Edited by drb, 20 March 2006 - 03:04 PM.


#4 drb

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Posted 23 March 2006 - 05:36 PM

Nina offers her support to a Georgian newspaper, in appreciation of their support for her ballet company, but also as a political statement (she is a significant political figure in the country, as a member of the television governing board, and as a descendant of the pre-revolutionary Royal family). A nice photo of Nina (Nino in Georgian) included:
http://www.georgiato...ls.php?id=1079#
Here is an interesting illustrated piece on Georgian art history, which may help place her dedication to the arts in Georgia in historic context:
http://www.georgiato...ure&version=298

#5 atm711

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Posted 24 March 2006 - 04:21 AM

The photo of Nina with the two affords a look at the ballerina about one month after giving birth. amazing how ballerinas can look like this so quickly after!



She looks a bit wan to me in the photograph---she still has a way to go.

#6 Natalia

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Posted 10 October 2006 - 07:29 AM

Many of you are aware that the situation in Russia against Georgians (and other people of ethnic minorities) has recently turned very ugly. For example, last week, Nina Ananishvili's Georgian State Ballet troupe was forced to abruptly cancel its Moscow & St. Petersburg appearances.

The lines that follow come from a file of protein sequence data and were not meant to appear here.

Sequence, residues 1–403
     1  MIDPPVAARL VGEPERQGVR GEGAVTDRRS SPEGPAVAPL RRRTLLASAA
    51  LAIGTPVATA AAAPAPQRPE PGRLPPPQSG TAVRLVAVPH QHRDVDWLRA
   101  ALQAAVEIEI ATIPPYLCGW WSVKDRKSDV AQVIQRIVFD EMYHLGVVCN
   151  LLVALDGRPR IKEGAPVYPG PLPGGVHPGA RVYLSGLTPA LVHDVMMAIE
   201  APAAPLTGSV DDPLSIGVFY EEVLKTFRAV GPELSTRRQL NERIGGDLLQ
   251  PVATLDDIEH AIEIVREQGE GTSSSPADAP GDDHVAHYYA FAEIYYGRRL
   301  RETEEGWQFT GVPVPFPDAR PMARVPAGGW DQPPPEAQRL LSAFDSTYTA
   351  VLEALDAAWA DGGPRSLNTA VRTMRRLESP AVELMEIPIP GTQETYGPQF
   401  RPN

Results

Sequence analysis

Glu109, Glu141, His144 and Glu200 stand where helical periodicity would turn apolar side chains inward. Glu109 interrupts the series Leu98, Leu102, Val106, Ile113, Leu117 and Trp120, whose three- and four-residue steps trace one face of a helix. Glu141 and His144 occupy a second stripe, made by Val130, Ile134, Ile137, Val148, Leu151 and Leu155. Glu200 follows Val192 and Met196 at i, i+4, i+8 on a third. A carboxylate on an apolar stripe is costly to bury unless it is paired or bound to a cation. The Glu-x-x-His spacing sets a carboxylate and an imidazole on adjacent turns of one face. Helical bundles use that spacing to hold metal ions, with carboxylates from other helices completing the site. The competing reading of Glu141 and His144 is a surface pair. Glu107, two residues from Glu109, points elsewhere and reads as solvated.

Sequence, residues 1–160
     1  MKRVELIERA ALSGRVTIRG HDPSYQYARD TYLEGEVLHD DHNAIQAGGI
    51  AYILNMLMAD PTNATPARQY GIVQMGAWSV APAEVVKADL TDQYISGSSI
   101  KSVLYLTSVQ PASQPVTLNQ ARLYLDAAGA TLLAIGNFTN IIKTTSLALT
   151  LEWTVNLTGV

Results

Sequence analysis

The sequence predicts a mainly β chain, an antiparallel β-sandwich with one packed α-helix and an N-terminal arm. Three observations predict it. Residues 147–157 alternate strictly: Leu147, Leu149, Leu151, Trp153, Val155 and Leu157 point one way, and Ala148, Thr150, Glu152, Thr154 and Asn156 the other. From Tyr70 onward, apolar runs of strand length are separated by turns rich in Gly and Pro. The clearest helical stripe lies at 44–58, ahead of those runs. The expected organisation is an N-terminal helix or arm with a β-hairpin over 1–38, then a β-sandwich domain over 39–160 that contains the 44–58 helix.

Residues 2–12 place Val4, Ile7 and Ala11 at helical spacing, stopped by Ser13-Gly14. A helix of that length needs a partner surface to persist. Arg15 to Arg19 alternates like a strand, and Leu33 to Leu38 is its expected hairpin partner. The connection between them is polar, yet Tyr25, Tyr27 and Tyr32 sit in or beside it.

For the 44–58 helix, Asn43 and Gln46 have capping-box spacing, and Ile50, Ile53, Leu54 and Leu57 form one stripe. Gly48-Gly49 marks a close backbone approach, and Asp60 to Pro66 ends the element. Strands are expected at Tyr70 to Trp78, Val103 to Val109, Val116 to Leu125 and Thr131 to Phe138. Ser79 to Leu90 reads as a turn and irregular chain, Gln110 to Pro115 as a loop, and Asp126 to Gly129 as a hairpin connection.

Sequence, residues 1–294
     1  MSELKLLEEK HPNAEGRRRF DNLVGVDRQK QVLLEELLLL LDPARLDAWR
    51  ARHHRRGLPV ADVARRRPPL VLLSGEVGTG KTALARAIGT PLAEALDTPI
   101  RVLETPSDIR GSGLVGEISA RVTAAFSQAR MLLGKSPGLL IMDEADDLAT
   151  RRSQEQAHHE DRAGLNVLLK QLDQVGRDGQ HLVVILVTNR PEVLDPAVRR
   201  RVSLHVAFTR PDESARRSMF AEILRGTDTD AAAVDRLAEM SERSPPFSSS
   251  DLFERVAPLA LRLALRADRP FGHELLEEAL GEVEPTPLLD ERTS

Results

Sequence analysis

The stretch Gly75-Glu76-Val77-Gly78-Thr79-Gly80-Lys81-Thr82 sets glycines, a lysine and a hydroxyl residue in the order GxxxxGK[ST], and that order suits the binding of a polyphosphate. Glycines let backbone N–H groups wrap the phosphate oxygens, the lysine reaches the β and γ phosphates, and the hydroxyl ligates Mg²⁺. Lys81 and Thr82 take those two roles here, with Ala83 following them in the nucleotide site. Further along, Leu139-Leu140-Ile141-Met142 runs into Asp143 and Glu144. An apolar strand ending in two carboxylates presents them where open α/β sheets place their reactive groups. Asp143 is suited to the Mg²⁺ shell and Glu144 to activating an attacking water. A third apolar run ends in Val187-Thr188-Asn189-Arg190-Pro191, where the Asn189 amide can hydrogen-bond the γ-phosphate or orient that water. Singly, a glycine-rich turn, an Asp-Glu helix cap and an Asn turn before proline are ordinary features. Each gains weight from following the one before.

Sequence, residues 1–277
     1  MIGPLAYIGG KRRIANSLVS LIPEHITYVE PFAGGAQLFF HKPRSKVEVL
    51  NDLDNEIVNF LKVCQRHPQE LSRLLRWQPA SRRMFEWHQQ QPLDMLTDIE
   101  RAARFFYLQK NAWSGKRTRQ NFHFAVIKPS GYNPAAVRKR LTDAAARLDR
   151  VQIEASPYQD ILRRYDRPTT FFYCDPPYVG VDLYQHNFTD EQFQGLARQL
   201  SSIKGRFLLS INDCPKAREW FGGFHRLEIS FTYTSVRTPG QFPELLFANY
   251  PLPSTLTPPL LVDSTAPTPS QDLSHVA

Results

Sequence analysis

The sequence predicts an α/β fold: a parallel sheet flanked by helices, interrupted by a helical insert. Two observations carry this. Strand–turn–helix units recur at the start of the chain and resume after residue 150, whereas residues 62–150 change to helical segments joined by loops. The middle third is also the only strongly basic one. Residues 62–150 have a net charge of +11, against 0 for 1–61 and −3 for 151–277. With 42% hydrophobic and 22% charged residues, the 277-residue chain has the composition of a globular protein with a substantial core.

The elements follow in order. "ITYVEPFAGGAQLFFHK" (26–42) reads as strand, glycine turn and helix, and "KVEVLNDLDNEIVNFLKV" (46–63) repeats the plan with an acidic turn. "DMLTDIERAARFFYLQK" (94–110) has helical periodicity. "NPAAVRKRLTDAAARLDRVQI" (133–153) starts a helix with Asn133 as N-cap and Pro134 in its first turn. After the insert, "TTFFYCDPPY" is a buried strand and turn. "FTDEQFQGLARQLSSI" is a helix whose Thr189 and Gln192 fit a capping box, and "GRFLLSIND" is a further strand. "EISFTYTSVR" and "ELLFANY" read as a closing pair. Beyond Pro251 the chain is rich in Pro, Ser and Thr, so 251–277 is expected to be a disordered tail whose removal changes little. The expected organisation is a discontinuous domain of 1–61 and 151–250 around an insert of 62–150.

Here one link to an English-language newspaper. Much more has been published in Russian:

http://www.civil.ge/...le.php?id=13762

Please keep all non-Russian-ethnic artists who remain on Russian soil in your thoughts.

Moderators, feel free to move this to another thread, if more appropriate. I took a quick look in the Links page and saw no mention of the recent ouster of the Georgian Ballet company. Hence, this post.

#7 ismeneb

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Posted 10 October 2006 - 08:11 AM

http://www.telegraph.../btballet12.xml links to an interview I did earlier this year about Nina Ananiashvili's plans. Ismene Brown

#8 Natalia

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Posted 10 October 2006 - 09:41 AM

Thanks to Ms. Brown for that wonderful article & link.